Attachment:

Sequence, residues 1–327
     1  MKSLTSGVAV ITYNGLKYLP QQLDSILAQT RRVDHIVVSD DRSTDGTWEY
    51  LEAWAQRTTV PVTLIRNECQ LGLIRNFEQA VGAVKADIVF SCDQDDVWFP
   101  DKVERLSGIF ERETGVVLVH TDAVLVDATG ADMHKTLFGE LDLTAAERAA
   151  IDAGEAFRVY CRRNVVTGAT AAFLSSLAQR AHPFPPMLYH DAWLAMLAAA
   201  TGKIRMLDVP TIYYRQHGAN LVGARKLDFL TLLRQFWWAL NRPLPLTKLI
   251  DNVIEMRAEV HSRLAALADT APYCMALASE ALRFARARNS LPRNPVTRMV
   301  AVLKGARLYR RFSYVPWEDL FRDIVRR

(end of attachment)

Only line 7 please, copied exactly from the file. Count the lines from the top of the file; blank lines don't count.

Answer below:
   251  DNVIEMRAEV HSRLAALADT APYCMALASE ALRFARARNS LPRNPVTRMV